Elizabethtown College Lifts their Voices in Celebration of Black History Month
February 28, 2019   //   By:   //   Campus & Community, Campus and Community

In celebration of Black History Month, Elizabethtown College presented Lift Every Voice and Sing! On Feb. 24, students gathered in Zug Recital Hall to sing and read an assortment of poetry written by African American artists. Anne Gross from the Fine and Performing Arts Division and John Rohrkemper from the English Department worked alongside the High Library to provide students and community members with this program.

In Zug Recital Hall, students took the stage to bring to life works written by African American poets. The goal for this event was to allow students to lift their voices in celebration of African American artistic expression. Music was the main medium of the night. Every performer used their voice in slightly different tones, ranges, and diction to engage the audience.

“I think it’s important to remember the richness of our heritage when so much of that noise and destructive anger is racist in nature,” said Rohrkemper.

The singers for the evening were all accompanied by Justin Badgerow on piano. The melodies Dr. Badgerow played combined with their voices lead to loud applause from the crowd.

“It was refreshing to listen to texts that you don’t hear too often,” said audience member Bevan Fields, “I was grateful for the opportunity to listen to musicians, and specifically African American readers, as they shared art from the Harlem Renaissance.”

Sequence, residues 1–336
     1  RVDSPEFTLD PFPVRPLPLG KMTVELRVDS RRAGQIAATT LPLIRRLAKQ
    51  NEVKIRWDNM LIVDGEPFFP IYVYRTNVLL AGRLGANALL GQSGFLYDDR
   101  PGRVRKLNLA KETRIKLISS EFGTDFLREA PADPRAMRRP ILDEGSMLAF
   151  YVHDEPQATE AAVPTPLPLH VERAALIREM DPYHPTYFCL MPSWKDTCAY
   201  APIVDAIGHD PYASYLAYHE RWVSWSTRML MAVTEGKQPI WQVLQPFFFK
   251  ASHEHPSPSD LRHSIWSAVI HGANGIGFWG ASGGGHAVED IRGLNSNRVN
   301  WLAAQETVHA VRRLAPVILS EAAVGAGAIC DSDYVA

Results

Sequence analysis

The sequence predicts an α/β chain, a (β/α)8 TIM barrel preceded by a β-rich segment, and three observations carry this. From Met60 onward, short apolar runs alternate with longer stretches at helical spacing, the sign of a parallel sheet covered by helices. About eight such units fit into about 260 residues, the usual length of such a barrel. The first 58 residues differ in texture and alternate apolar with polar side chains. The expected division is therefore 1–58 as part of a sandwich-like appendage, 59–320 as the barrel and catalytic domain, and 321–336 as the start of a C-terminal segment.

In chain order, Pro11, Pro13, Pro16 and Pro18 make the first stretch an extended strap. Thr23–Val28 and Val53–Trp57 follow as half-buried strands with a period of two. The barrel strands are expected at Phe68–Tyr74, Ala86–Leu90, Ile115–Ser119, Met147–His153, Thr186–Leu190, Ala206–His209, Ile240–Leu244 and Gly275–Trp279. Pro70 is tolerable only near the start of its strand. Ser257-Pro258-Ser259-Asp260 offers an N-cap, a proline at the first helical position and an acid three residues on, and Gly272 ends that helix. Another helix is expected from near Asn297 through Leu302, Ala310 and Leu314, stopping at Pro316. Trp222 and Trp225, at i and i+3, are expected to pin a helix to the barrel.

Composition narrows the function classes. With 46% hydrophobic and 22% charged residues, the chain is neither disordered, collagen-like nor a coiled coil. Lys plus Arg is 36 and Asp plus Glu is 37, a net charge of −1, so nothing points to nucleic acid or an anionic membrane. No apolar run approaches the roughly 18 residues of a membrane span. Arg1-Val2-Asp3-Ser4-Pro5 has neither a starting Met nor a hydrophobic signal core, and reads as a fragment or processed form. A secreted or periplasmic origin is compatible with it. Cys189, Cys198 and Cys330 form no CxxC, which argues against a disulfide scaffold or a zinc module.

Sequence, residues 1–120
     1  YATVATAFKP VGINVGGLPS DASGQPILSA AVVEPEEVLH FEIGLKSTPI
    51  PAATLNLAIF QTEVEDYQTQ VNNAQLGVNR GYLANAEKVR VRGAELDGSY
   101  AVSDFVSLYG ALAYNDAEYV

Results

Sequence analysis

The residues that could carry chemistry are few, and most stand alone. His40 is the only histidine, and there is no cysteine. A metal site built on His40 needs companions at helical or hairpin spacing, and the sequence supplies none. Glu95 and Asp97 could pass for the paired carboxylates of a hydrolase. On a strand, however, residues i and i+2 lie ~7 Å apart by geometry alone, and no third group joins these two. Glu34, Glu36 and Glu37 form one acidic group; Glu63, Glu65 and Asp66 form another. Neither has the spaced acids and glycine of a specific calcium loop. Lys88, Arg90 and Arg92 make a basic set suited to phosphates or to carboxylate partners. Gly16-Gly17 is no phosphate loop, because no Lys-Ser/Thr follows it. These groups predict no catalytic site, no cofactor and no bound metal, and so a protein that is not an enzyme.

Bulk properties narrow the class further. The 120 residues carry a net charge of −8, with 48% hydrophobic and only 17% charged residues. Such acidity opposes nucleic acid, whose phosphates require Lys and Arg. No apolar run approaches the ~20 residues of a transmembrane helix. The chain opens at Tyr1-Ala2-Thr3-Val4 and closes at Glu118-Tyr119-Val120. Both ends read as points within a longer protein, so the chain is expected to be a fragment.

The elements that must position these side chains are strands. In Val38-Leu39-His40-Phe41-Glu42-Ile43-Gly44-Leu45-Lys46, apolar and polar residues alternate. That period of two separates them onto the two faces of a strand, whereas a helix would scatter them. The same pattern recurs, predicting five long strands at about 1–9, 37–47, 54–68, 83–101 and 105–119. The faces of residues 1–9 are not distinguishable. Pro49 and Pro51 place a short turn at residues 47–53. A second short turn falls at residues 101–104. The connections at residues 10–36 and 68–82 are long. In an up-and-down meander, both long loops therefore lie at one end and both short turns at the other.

The selection of poems that were sung and read was primarily written by Langston Hughes, Paul Laurence Dunbar, and Tracy K. Smith. Langston Hughes was one of the standout poets of the evening. Over half of the poems performed in the program belonged to him. Each of the performances attempting to commemorate his legacy. As the last performer finished her last note and bowed on stage, she signaled for all the performers to rise. They stood and faced the crowd, grins wide, as the room filled with applause.

Rohrkemper has worked on programs that have blended music and poetry in the past. He enjoys organizing poetry readings for events. It has become something he is accustomed to. He acknowledges the importance of participating in events of this nature.

Rohrkemper chose a selection of poems he thought best suited the occasion and allowed students to pick the ones that spoke to them.

“This was an important event to be a part of,” said reader Pleasant Sprinkle Williams. “E-town doesn’t have much Black History Month so when the opportunity presents itself, it necessary to be active. It’s also a learning experience for some, a casual way to learn about African American Poets through music and stories.”

Rohrkemper gave his final reflection on the event, “The readings and the singing were beautiful. I thought it was just about the best way I could imagine spending an hour on a Sunday evening.”

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